In FIG. 9, the dotted line curves 91, 92 and 93 represent the evolution law of k0, as calculated from relation , for three different values of λ, whereas the solid line curves 94 represents an evolution law constructed empirically from the previous curves and adjusted to allow for the simulation results which reveal, in particular, that the variation of λ in a reasonable range has no significant influence on the efficiency of the correction made. The definition of k0 from the analytical formula  is not optimum in that it renders k0 dependent on the frequency, resulting notably in the alteration of the solution at the terminals of the frequency interval in question; conversely, it gives a good idea of the general appearance to be assumed by the function and allows empirical refining on the basis of the simulation results, for instance.
With the type of correction to be applied to the various components of F(θ) determined in this way, the applied error correction function can be described, according to the invention, by the following relation:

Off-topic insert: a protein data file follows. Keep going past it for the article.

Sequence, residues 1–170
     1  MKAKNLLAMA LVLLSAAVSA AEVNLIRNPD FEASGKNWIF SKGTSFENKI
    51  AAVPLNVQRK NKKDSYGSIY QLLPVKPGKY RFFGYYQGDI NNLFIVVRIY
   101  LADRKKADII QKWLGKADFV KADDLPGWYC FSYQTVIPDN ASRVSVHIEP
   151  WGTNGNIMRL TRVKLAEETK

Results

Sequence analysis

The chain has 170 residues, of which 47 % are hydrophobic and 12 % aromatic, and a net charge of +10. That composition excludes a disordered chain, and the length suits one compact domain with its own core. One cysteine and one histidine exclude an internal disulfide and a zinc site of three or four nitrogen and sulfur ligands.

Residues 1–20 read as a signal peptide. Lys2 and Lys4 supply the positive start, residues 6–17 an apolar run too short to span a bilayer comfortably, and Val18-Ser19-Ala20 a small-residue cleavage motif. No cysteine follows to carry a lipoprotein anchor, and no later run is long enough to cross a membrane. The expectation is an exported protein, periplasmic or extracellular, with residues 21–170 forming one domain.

On completion of these five steps cover the process according to the invention therefore allows us to apply a correction to the real radiation pattern corresponding to an antenna with radiating elements having positioning errors, which advantageously appears as the sum of several basic corrections, each designed to correct for the effects of a specific component in positioning error function δ(n).
The results of the simulations carried out by the filing entity also reveal that the overall correction determined in this way is efficient, in particular in a limited aim-off field θ0, typically covering 25° about the antenna axis corresponding to zero aim-off θ0. However, for relatively remote aim-off values, this correction causes a certain alteration of the level of the side lobes near from the major lobe, which, for instance, may result in the raising on the order of 3 dB of the first three side lobes of F(θ).